under machines, oiling grease
nipples, adjusting fan belts,
feeling with eerily erotic
fingers the goddess’s private parts.
And when some of them die, they die
welded into her, unparted in death,
while the lives of the rest are truncated
obsessed, in rusting thrall, fouling the air.

These homelier poems are distinctive and they are in a mode which grows more common in Beaver’s later books. Some of them do, however, look back to the earlier poems from the Odes section of Odes and Days. There is a portrait of the NZ poet James Baxter which is also an elegy

. . . . .
We never met though I saw him once,
bearded, in unkempt gear, wintry
blue feet in battered sandals, 
a pretty girl with him – St Francis
and the snow lady. . .

and No 19 might well be a combined portrait of Hölderlin, Schiller and Goethe. There are also poems which are essentially letters to other poets – Nos 39 and 42 – recalling the style of Letters to Live Poets rather than that of Odes and Days. But for all these continuities, I think they represent the establishing of a new mode for Beaver’s later work.

Jean Kent: Travelling with the Wrong Phrasebooks

Sydney: Pitt St Poetry, 2012, 86pp.

Jean Kent’s Travelling with the Wrong Phrasebooks is an immensely likable collection, so likable that readers may miss some of its sophistication, thinking it no more than a set of poems about travels in France and Lithuania. It is actually a good deal more than that. Travel poetry, once it gets beyond the basic level of “I’ve written a poem about my trip to the Grand Canyon”, is usually about the self and the way in which aspects of the self, surprising even to the poet, are revealed when that self is faced by an experience of the alien. It is fine to have poems which come from a continual renewing of contact with some personal sacred ground but the self only develops (or “only reveals itself” – depending on your ideology) by moving into the unfamiliar. Even a poetry resolutely opposed to being based on a lyrically conceived self learns about (and expresses) the observing self when faced with an experience of the foreign: see, as an example, Laurie Duggan’s sequence, “Onati Notebook” from his The Pursuit of Happiness, reviewed on this site in May.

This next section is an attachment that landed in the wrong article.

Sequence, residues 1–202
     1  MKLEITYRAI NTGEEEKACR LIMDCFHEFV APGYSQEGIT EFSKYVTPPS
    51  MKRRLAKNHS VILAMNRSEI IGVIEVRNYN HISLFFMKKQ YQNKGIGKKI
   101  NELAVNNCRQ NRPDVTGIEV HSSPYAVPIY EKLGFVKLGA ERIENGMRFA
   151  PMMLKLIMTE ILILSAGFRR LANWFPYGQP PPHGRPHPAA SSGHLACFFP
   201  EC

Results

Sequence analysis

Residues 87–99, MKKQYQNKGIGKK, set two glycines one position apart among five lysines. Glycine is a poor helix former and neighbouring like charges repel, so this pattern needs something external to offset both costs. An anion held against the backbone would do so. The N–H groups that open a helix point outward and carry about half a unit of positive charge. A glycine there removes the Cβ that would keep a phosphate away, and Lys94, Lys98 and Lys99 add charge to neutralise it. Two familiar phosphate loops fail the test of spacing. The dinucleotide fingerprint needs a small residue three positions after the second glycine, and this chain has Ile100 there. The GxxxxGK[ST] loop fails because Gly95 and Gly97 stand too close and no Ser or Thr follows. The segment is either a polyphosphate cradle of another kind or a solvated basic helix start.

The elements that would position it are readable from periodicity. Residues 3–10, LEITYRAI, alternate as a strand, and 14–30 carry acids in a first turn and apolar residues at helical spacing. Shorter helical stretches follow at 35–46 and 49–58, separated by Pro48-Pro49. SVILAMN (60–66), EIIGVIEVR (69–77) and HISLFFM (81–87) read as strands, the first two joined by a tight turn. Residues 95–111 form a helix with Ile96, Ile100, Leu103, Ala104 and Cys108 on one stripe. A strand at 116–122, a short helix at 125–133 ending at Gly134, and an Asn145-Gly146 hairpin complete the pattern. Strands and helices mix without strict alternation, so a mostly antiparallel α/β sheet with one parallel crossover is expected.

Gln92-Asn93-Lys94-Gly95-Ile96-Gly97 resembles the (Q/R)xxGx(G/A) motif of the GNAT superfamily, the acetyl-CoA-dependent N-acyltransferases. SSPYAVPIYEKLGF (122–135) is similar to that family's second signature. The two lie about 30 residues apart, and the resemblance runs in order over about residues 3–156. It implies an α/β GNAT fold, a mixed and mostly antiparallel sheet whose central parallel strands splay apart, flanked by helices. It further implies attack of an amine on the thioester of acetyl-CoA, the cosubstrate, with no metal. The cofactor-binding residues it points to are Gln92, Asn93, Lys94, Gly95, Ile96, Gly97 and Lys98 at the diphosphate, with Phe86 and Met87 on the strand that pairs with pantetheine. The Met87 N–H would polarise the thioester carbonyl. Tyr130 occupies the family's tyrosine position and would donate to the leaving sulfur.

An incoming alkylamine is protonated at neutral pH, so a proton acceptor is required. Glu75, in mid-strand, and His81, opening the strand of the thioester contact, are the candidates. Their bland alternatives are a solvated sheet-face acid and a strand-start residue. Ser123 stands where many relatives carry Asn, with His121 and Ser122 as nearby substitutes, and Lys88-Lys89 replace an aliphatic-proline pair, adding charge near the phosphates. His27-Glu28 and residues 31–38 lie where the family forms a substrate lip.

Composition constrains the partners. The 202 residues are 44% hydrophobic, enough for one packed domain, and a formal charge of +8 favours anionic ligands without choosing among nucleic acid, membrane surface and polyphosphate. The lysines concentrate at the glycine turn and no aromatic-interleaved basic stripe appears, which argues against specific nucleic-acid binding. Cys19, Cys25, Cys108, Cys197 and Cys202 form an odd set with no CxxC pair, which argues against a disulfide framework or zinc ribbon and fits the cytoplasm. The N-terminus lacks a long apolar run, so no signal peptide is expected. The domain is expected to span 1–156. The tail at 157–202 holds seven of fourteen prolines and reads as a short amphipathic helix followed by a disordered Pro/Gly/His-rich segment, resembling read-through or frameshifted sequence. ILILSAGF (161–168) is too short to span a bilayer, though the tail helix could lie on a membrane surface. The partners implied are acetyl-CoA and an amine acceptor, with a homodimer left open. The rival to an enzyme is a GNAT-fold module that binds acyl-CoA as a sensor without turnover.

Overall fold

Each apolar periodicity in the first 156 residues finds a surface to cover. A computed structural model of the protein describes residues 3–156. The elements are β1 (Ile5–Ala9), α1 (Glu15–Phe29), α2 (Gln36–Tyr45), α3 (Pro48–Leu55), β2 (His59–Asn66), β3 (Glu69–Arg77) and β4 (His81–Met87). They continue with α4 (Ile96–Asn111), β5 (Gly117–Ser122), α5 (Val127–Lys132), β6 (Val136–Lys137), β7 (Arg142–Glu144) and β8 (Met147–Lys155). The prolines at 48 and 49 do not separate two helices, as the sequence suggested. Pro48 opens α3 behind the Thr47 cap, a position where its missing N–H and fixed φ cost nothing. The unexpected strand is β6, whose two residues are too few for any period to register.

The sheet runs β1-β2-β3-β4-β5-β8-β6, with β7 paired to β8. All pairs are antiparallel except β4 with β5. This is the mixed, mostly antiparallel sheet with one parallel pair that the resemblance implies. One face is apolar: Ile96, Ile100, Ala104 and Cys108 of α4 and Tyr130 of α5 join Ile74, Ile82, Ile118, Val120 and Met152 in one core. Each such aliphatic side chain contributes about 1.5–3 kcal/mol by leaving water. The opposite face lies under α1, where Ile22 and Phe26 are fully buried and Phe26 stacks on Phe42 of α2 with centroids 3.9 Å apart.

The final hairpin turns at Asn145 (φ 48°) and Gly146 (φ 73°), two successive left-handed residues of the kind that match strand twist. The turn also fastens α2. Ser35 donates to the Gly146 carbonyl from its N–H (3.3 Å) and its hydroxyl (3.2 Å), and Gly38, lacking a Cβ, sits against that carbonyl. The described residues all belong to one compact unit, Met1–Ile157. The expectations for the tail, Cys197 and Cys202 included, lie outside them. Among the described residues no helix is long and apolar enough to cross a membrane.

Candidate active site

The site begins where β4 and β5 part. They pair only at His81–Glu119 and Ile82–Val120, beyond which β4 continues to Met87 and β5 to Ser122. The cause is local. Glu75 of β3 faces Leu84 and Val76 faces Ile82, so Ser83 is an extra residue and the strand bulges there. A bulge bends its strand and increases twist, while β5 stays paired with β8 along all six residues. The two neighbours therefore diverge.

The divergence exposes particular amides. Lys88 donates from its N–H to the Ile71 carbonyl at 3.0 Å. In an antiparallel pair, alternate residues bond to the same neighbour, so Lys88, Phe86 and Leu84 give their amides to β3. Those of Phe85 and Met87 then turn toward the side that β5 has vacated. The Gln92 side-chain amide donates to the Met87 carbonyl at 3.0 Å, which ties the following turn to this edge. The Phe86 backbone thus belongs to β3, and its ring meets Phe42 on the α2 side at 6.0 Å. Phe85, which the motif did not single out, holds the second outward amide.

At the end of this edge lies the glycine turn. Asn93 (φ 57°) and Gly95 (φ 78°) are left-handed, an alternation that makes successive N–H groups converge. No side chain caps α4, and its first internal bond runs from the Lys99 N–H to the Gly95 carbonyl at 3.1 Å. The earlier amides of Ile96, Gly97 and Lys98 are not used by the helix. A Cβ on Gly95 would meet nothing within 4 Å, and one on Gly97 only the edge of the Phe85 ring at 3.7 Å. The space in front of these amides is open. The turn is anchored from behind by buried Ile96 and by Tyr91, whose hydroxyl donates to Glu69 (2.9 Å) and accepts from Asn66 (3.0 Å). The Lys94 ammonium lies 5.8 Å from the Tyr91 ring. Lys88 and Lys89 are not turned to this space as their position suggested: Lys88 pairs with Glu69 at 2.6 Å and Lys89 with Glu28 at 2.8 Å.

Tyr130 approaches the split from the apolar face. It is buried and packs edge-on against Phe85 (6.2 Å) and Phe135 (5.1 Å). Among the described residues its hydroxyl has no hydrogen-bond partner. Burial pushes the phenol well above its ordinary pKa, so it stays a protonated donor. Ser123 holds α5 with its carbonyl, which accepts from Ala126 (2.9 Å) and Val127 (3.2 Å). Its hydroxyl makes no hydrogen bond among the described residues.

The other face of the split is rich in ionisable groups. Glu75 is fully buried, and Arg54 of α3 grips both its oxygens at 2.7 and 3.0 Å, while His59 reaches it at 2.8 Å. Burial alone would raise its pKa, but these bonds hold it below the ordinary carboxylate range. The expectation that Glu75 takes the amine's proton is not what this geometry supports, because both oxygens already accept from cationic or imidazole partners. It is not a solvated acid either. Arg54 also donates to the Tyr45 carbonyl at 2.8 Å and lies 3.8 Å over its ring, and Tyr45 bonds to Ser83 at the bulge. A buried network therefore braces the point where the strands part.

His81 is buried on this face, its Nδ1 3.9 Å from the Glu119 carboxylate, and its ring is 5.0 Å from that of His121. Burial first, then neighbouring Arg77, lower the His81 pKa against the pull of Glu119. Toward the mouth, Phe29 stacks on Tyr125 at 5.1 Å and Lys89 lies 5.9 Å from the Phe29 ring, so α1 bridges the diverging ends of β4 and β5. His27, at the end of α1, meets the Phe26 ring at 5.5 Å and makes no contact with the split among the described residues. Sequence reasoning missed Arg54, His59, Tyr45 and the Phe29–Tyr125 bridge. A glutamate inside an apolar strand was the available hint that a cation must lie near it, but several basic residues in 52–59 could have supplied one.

For the Jean Kent of Travelling with the Wrong Phrasebooks , travel is a linguistic experience as much as anything else and the poems harbour a lot of a poet’s deliberately bad cross-language puns: pain/pain, les Loups/loops, “Aah oui”/”Are we”, rues/ruse and many more. It is also, as its title suggests, an experience of linguistic dislocation. But linguistic dislocation isn’t simply a matter of being in a country and not speaking the language, what we might call the abrasion of travel at a domestic level. There are, for a start, more languages than spoken languages: the languages of the senses, of bodily movement, even the weird syntax of foreign customs – both informal and those formalised in laws and institutions. And, to complicate matters, just as a famous episode of Dr Who contains the observation that “A door, once opened, may be crossed in either direction” so travellers, instead of being passive victims of linguistic confusion, bring their own languages with them to disorient the natives. You get some sense of the complexities involved here in the book’s opening, a triptych called “’Le Weekend’ in Paris”, the first poem of which begins: